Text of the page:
Solving equations (6) & (7) ⇒ =
N W sin I cosφ
µ = tan φ
−1
φ = tan ( µ ) (8)

Slide 32 of 62
Solution to Problem 3 - rotating

(ii) continued
Taking moments about the center of the pipe:
d
T = Ff *
2
Evaluating the problem at hand:

−1 −1
From Eq. (8), φ = tan ( µ ) = tan (0.3)

φ = 16.70 

Slide 33 of 62
Solution to Problem 3 - rotating

Evaluating the problem at hand:

From Eq. (6), Ff = W sin I sin φ

= 30 * 8000 * sin60 * sin16.70

Ff = 59.724 lbf

Slide 34 of 62
Solution to Problem 3 - rotating

Evaluating the problem at hand:

d
From Eq. (9), T = Ff *
2
7 1 
= 59,724 *  * 
 2 12 
Torque = 17,420 ft - lbf

Slide 35 of 62
Solution to Problem 3

2 (d) (ii) Alternate Solution:

Slide 36 of 62
Solution to Problem 3

Taking moments about tangent point,

d
T = W sin I sin Ο
2
7
= 30 * 8000 * sin60 * sin 16.70 *
 
24

T = 17,420 ft - lbf
Slide 37 of 62
Solution to Problem 3

Note that the answers in parts (i) & (ii) differ


by a factor of cos φ

(i) T = 18,187
(ii) T = 17,420

cos φ = cos 16.70 = 0.9578

Slide 38 of 62
Effect of Doglegs

(1) Dropoff Wellbore δ = dogleg angle

Slide 39 of 62
Effect of Doglegs

A. Neglecting Axial Friction


(e.g. pipe rotating)
δ δ
∑ Falong normal : W sin I + (T + ∆T) sin 2 + T sin 2 − N = 0
δ δ
WWsin + sT sin + ∆T sin − N = 0
sinII +
2T 2 2

δ
N ≅ W sin I + 2T sin (10)
2
Slide 40 of 62
Effect of Doglegs


A. Neglecting Axial Friction

δ δ
∑ Falong tangent : (T + ∆T) cos 2 − W cos I − T cos 2 = 0
δ
∆T cos = W cos I
2
s
o
W

δ
I
c

cos → 1 ⇒
T

(11)
2
Slide 41 of 62
Effect of Doglegs

B. Including Friction (Dropoff Wellbore)

While pipe is rotating

δ
N = W sin I + 2T sin
2 (10)&(11)
∆T = WcosI

Slide 42 of 62
Effect of Doglegs

B. Including Friction
While lowering pipe (RIH)

δ (as above)
N = W sin I + 2T sin
2
∆T = W cos I − µN

i.e. ∆T = W cos I − µ ( W sin I + 2T sin δ ) (12)


2
Slide 43 of 62
Effect of Doglegs

B. Including Friction
While raising pipe (POH)

∆T = W cos I + µN

δ
∆ T = W cosI + µ ( W sin I + 2T sin )
2 (13)

d d δ
Torque = µN  ≅ µ  ( W sin I + 2T sin )
 2  2 2
(14)
Slide 44 of 62
Effect of Doglegs

(2) Buildup Wellbore δ = dogleg angle

Slide 45 of 62
Effect of Doglegs

A. Neglecting Friction
(e.g. pipe rotating)

δ δ
∑F along normal : W sin I − ( T + ∆T ) sin − T sin − N = 0
2 2
δ δ
W sin I − 2T sin − ∆T sin − N = 0
2 2

δ
N ≅ W sin I − 2T sin
2
Slide 46 of 62
Effect of Doglegs


A. Neglecting Axial Friction


δ δ
∑ Falong tangent : (T + ∆T) cos 2 − W cos I − T cos 2 = 0
δ
∆T cos = W cos I
2 s
o
W

δ
I
c
T

cos → 1 ⇒ (16)
2
Slide 47 of 62
Effect of Doglegs

B. Including Friction (Buildup Wellbore)


When pipe is rotating

δ
N = W sin I − 2T sin
2 (15)&(16)

∆T = WcosI

Slide 48 of 62
Effect of Doglegs

B. Including Friction
While lowering pipe (RIH)
δ
N = W sin I − 2T sin
2 (15)
∆T = W cos I − µ N

δ
∆T = W cos I − µ W sin I − 2T sin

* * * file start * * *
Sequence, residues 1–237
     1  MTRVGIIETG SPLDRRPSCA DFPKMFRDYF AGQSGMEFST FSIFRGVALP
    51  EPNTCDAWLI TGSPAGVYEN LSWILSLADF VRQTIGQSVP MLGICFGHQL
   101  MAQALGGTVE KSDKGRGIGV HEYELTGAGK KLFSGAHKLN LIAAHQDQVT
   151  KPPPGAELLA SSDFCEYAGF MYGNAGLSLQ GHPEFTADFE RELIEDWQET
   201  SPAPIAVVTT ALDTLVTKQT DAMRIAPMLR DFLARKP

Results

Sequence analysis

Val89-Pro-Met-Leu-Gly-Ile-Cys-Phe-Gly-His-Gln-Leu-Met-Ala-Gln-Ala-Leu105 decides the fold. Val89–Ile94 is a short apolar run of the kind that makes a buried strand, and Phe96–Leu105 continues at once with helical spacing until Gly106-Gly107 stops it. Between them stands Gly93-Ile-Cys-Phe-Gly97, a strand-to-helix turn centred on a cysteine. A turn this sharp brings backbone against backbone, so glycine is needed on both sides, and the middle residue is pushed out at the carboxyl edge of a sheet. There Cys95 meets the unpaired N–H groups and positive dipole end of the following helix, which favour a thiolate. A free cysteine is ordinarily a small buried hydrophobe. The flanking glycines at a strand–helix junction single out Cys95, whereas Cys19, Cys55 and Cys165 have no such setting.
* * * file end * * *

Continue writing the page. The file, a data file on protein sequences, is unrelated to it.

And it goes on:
2 (17)
Slide 49 of 62
Effect of Doglegs

While raising pipe (POH)

∆T = W cos I + µN

δ
i.e. ∆T = WcosI + µ WsinI - 2Tsin
2 (18)

d d δ
Torque = µ N   ≅ µ   W sin I − 2T sin
 2  2 2 (19)
Slide 50 of 62
Problem #4 - Curved Wellbore with Friction

In a section of our well, hole angle drops at the


rate of 8 degrees per 100 ft.
The axial tension is 100,000 lbf at the location
where the hole angle is 60 degrees.

Buoyed weight of pipe = 30 lbm/ft

µ = 0.25
Slide 51 of 62
Problem
#4
- Curved
Wellbore
with
Friction

T = 100,000 lbf
Slide 52 of 62
Evaluate the Following:

(a) What is the axial tension in the pipe 100 ft. up the hole
if the pipe is rotating?

(b) What is the axial tension in the pipe 100 ft up the hole
if the pipe is being lowered into the hole?

(c) What is the axial tension in the pipe 100 ft up the hole if
the pipe is being pulled out of the hole?

(d) What is the lateral load on a centralizer at incl.=64 if


the centralizer spacing is 40 ft? 

Slide 53 of 62
Solution 4(a) - Rotating

Axial tension 100 ft up hole when pipe is rotating :

60 + 68
IAVG =
2
IAVG = 64 o

Pipe is rotating so frictional effect on axial load may be


neglected.
Slide 54 of 62
Solution 4(a) - Rotating
T68 = 101,315 lbf
From equation (11),
∆T = W cos I
lb
= 30 *100ft * cos 64 
ft
= 1,315 lbf
∴ T68 = 100,000 + 1,315 T60 = 100,000 lbf

T68 = 101,315 lbf ← rotating


Slide 55 of 62
Solution 4 (b)

(b) Tension in pipe 100 ft Up-Hole when Pipe is being


lowered:
From equation (10):
δ
N = W sin I + 2T sin
2
N = 30 *100 * sin 64 + 2 *100,000 * sin 4
= 2,696 + 13,951
N = 16,648 lbf

Slide 56 of 62
Solution 4 (b)

From equation 10,

Friction Force = µN = 0.25 *16,648


Ff = 4,162 lbf

From equation 12,

∆T = W cos I − µN

Slide 57 of 62
Solution 4(b) - Lowering
T68 = 97,153 lbf
From equation 12,

∆T = (30 *100 * cos 64  ) − 4,162

= -2,847

∴ T68 = 100,000 − 2,867 (T + ∆T)


T60 = 100,000 lbf

T68  = 97 ,153 lbf


Slide 58 of 62
Solution 4 (c)

(c) Tension in Pipe 100 ft Up-Hole when pipe is being


raised:
From equation (10),

δ
N = W sin I + 2T sin
2
N = 30 *100 * sin 64 + 2 *100,000 * sin 4
= 2,696 + 13,951
N = 16,648 lbf
Slide 59 of 62
Solution 4 (c)

Friction Force = µN = 0.25 *16,648


Ff = 4,162 lbf

From equation 12,

∆T = W cos I + µN

Slide 60 of 62
Solution 4(c) - Raising
T68 = 105,477 lbf
From equation 12,

∆T = (30 *100 * cos 64 ) + 4,162


= 5477 lbf

∴T68 = 100 ,000 + 5477 (T + ∆T) T60 = 100,000 lbf

T68 = 105,477 lbf

Slide 61 of 62
Solution 4(a, b and c)
SUMMARY

T60 T68

Rot 100,000 101,315

RIH 100,000 97,153

POH 100,000 104,477


Slide 62 of 62
Solution 4 (d)

(d) Lateral load on centralizer if spacing = 40 ft. (after


pipe has been rotated):

From above, at θ = 64 

N = 16,648 lbf

This is for 100 ft distance

Slide 63 of 62
Solution 4 (d)

for 40 ft distance,
∴  40 
N centr . = 16,648 *  
 100 
= 6,659 lbf
i.e., Lateral load on centralizer,

N centr. = 6,659 lbf

lb
Note : 40 ft of pipe * 30 = 1200 lbf
ft
Slide 64 of 62
Alternate Approach

(d) Lateral load on centralizer if spacing = 40 ft.


(after pipe has been rotated)

From above, at θ = 60 , T = 100,000 lbf


From above, at θ = 68 , T = 101,315 lbf

So, 30 ft up-hole,
T = 100 ,000 + 1,315 * (30 / 100 ) lbf
T = 100 ,395 lbf
Slide 65 of 62
Alternate Approach

δ
From Eq. (10), N = W sin I + 2T sin
2
N = 30 * 40 * sin 64 + 2 *100,395 * sin(1.6 )
{4 * 40/100}
= 1,079 + 5,606

N = 6,685 lbf
∴ for 40 ft centralizer spacing,
N centr . = 6,685 lbf
Slide 66 of 62
Centralizer

Slide 67 of 62